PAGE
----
Some common pills used to treat high blood pressure may cause an increased risk of skin cancers in people aged 66 and above, according to a new study.
The peer-reviewed research published in the Canadian Medical Association Journal (CMAJ) on Monday found that the prolonged intake of antihypertensive medications called thiazide diuretics, including hydrochlorothiazide, were associated with higher rates of non-melanoma and melanoma – the two major types of skin cancers.
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Other blood pressure drugs such as angiotensin-converting enzyme inhibitors, angiotensin II receptor blockers, calcium channel blockers and beta-blockers, did not increase this risk, research showed.
The study included 302,634 patients in Ontario who were prescribed an antihypertensive medication between 1998 and 2017.
Hydrochlorothiazide is known to make the skin more sensitive to ultraviolet radiation and sunlight, meaning patients can get sunburned more easily, according to Health Canada.
“The theory is that by making our skin cells more sensitive to the damage caused by ultraviolet radiation from the sun or a tanning bed, that medication might increase skin cancer risk,” said Dr. Aaron Drucker, study co-author and dermatologist at the Women’s College Hospital.
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Patients who have a higher baseline risk of skin cancer and are concerned about the medications’ potential side effects should speak to their physician and consider other treatment alternatives, Drucker suggested.
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In 2019, a safety review by Health Canada concluded that the prolonged use of hydrochlorothiazide may be associated with a risk of non-melanoma skin cancer that is at least four times the risk of not using hydrochlorothiazide.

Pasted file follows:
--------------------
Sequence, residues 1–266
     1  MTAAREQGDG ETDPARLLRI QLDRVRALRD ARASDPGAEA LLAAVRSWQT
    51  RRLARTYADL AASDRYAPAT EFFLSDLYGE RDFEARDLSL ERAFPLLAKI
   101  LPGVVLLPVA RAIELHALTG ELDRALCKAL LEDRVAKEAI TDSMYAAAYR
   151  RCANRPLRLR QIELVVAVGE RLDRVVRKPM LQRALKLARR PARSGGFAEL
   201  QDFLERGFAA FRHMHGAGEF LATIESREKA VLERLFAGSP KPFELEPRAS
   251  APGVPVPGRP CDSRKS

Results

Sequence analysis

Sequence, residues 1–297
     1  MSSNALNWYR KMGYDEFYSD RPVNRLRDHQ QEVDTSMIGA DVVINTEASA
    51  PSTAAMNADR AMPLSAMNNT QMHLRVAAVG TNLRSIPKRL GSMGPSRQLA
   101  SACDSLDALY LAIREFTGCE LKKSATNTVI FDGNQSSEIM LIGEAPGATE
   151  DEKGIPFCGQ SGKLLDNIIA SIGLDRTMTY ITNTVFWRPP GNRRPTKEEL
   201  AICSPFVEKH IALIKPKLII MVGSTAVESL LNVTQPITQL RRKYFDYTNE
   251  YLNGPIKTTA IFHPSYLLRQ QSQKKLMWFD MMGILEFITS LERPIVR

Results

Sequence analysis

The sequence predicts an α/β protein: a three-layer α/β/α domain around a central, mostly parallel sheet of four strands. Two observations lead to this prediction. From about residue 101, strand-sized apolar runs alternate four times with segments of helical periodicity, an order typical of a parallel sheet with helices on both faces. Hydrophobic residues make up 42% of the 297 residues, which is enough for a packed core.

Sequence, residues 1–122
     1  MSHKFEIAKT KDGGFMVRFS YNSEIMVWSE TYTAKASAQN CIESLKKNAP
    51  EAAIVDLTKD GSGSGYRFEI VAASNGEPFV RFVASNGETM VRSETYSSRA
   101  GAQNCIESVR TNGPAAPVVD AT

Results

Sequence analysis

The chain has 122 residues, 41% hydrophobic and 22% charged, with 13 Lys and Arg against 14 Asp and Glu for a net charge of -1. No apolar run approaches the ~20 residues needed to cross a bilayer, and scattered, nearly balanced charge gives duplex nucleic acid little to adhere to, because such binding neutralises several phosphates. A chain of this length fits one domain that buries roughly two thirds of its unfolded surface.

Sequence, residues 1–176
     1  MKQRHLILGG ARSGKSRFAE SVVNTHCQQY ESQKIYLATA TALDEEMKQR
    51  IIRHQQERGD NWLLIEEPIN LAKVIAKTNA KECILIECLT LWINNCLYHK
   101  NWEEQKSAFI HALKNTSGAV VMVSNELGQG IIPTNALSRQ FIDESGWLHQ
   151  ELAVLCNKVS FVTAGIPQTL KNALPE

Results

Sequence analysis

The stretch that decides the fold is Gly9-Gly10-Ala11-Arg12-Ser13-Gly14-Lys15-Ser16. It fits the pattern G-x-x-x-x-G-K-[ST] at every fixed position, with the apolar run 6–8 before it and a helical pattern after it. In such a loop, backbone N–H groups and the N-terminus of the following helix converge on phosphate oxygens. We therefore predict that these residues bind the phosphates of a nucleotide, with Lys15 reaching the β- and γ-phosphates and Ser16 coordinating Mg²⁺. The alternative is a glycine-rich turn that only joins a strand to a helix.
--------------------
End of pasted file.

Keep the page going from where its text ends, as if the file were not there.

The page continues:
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“Patients taking hydrochlorothiazide should be advised to limit exposure to sunlight, avoid using tanning equipment, and use adequate protection (e.g., sunscreen with SPF 30 or higher, clothing, and hat) when exposed to sunlight to minimize the risk of non-melanoma skin cancer,” the agency recommended.
The study authors also advised periodic monitoring for skin cancer to reduce the risk in patients taking thiazide diuretics.
Melanoma skin cancer starts in melanocyte cells of the skin. The more common non-melanoma skin cancers start in basal and squamous cells of the skin.
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Cancer, the leading cause of death in Canada, is responsible for 30 per cent of all deaths, according to the Canadian Cancer Society.
In Canada, one-in-two people will be diagnosed with cancer in their lifetime and one-in-four are expected to die from it, the CCS estimates.
Although most skin cancers do not cause death and can be treated with a simple surgery, an advanced squamous cell skin cancer or melanoma may put a patient’s life at risk, Drucker said.
Some common symptoms of skin cancer are bumps, lesions, spots and sores.